Tips for the Best Early Crops

by Mary Ellen Kozak

The earliest harvested Shiitake of the season are also the most appreciated. The winters are long, and local farm fresh produce in spring is scarce. And spring Shiitake are some of the most beautiful and flavorful mushrooms you'll ever grow. There are actually a few tricks you'll need to know to make your Shiitake logs fruit early in the season upon the heels of retreating snow.

1. Inoculate some logs with Cold Weather strains, like Miss Happiness, Snow Cap, Bellwether and Jupiter. If your logs are ready and spring comes on fast, you will see mushroom pins pebbling the bark on healthy logs within a week or two of the disappearance of the last patch of snow. Life for these strains really does begin after 40!

Spring Shiitake are also very beautiful.

2. Secure fruiting blankets, burlap or clear plastic around stacks of logs to keep humidity high with developing mushrooms. Drying wind is a big hurdle to clear in achieving great quality Shiitake in the spring. The nature of these cold weather strains is to pin in really cool weather, and because of this they develop slowly. The commonly vigorous spring wind poses a real threat in drying the caps and arresting mushroom development. Covering your logs with simple tarps will do wonders in helping the caps stay moist. Normally we do not recommended plastic coverings because they can heat the logs underneath too quickly or cause too much condensation to drip down upon developing mushrooms, but early spring is a fine time to use clear plastic sheeting. Note: In really windy spring weather, you can also wet a tarp of an absorbent fabric like an older, weathered fruiting blanket and secure plastic over it, creating an amazing humid fruiting chamber!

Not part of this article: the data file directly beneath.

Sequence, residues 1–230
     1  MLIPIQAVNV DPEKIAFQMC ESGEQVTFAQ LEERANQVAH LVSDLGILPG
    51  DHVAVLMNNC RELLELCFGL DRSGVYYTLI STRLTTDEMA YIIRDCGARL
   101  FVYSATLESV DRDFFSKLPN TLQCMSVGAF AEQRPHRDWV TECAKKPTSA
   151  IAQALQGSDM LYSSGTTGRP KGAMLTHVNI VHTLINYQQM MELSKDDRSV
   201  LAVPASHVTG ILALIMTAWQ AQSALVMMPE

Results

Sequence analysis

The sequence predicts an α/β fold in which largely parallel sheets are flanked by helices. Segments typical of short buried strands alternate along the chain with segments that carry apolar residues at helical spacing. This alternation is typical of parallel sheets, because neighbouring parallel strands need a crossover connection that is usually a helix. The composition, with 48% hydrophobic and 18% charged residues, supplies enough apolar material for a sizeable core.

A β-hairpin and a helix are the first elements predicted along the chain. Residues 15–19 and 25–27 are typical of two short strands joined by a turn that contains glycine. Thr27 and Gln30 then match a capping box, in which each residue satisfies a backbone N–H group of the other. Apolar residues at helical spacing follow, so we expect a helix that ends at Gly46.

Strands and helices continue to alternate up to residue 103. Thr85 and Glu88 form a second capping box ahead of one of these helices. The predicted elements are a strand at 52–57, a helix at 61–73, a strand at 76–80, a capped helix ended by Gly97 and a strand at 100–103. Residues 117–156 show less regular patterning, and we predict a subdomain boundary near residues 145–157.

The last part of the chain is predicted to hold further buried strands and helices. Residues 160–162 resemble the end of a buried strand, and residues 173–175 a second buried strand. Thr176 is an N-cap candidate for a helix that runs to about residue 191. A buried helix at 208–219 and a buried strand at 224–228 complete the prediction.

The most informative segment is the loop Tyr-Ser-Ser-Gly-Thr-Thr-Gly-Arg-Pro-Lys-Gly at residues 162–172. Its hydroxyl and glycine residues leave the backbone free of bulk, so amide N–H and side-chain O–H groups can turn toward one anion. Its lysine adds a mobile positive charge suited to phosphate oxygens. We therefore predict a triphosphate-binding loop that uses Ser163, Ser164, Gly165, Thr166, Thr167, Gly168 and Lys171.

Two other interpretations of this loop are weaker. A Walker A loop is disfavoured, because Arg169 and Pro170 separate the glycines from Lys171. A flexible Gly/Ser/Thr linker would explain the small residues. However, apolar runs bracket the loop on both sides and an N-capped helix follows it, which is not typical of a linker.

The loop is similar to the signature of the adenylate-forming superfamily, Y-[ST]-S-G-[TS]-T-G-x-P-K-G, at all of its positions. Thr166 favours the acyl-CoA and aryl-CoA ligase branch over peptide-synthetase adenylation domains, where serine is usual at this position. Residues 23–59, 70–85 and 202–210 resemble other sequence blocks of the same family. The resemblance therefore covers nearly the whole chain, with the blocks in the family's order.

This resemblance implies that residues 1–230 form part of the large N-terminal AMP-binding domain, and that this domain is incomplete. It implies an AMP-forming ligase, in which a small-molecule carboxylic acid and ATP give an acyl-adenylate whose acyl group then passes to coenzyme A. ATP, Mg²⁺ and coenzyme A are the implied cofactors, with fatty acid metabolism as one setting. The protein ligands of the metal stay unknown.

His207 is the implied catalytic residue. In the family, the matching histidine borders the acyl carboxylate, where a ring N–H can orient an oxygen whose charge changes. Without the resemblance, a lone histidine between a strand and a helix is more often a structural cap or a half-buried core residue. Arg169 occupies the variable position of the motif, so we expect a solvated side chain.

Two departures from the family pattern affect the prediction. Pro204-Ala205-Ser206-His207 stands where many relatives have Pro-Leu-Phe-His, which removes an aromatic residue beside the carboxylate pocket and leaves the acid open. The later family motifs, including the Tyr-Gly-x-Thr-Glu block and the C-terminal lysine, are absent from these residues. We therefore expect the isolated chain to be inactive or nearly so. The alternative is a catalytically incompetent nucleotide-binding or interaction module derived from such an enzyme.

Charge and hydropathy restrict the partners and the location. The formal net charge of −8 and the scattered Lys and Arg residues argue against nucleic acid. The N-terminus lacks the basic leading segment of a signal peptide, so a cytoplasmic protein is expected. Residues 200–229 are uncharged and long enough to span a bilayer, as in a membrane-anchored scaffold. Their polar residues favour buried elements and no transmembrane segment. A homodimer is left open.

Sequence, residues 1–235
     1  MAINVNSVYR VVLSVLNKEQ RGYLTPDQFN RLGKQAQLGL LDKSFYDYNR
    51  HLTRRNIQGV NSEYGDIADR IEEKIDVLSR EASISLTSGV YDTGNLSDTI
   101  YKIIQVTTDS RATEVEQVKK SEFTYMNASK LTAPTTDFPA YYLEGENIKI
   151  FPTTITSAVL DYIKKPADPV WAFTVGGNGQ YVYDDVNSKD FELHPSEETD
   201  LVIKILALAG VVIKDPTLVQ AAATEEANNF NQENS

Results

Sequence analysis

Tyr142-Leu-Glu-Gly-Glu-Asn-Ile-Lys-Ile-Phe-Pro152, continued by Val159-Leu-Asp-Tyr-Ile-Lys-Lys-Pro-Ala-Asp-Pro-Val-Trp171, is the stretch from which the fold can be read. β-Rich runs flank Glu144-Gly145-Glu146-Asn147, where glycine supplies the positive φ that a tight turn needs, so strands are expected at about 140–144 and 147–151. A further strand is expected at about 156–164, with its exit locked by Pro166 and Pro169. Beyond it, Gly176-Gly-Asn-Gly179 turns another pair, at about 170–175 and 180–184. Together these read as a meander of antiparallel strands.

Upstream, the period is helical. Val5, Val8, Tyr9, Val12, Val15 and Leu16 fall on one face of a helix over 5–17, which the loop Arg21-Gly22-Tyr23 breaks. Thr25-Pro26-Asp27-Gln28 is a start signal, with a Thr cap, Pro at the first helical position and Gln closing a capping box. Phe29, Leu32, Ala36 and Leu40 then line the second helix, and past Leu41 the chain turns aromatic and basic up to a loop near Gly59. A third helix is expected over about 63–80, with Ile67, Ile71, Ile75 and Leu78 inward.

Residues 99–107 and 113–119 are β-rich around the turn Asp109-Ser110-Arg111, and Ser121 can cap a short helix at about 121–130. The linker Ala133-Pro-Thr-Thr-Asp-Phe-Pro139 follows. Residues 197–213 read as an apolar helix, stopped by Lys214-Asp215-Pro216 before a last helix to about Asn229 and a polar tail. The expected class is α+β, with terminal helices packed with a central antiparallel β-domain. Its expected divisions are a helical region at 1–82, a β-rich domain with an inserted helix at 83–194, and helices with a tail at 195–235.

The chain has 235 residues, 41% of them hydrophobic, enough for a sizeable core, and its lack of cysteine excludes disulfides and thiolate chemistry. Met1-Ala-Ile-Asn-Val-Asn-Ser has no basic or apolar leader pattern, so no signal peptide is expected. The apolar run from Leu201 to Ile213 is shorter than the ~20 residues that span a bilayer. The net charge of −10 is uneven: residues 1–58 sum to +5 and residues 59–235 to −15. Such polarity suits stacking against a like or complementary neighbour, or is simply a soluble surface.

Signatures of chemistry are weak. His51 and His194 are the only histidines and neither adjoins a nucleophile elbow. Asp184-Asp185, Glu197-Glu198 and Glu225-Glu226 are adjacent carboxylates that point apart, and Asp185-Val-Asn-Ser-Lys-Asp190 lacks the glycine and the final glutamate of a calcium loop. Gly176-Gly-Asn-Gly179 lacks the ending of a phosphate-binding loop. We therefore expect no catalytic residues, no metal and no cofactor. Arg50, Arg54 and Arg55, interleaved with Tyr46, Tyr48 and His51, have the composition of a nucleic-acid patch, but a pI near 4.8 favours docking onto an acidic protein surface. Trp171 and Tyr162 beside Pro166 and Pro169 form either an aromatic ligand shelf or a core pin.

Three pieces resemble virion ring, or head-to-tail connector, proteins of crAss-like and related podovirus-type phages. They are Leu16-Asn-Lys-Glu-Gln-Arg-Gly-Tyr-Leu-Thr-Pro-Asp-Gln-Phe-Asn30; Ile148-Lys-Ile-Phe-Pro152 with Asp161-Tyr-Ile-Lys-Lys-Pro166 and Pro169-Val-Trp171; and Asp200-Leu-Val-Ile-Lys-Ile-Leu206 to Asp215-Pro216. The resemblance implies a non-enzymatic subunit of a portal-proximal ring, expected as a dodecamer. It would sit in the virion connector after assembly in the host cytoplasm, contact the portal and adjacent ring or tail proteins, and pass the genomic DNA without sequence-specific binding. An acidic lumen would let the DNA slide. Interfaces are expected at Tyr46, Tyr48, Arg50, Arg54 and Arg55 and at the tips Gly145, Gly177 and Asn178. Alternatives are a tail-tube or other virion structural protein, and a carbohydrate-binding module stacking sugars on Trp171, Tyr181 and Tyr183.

Log stacks are covered with fruiting or frost blankets to hold humidity around developing mushrooms. Notice the sprinkler on a pole being used to keep the blankets moist.


3. Don't soak the logs... but you can rain on them! If you don't have the time or blankets to cover all your log stacks but you can get a sprinkler out to them, do not hesitate to just turn it on! Caps will stay moist and pliable, growth will proceed just fine. Turn off the sprinkler when the caps start to open to let them dry off a little before harvest. The caps will be a little dark and glossy but for home use they are just fine!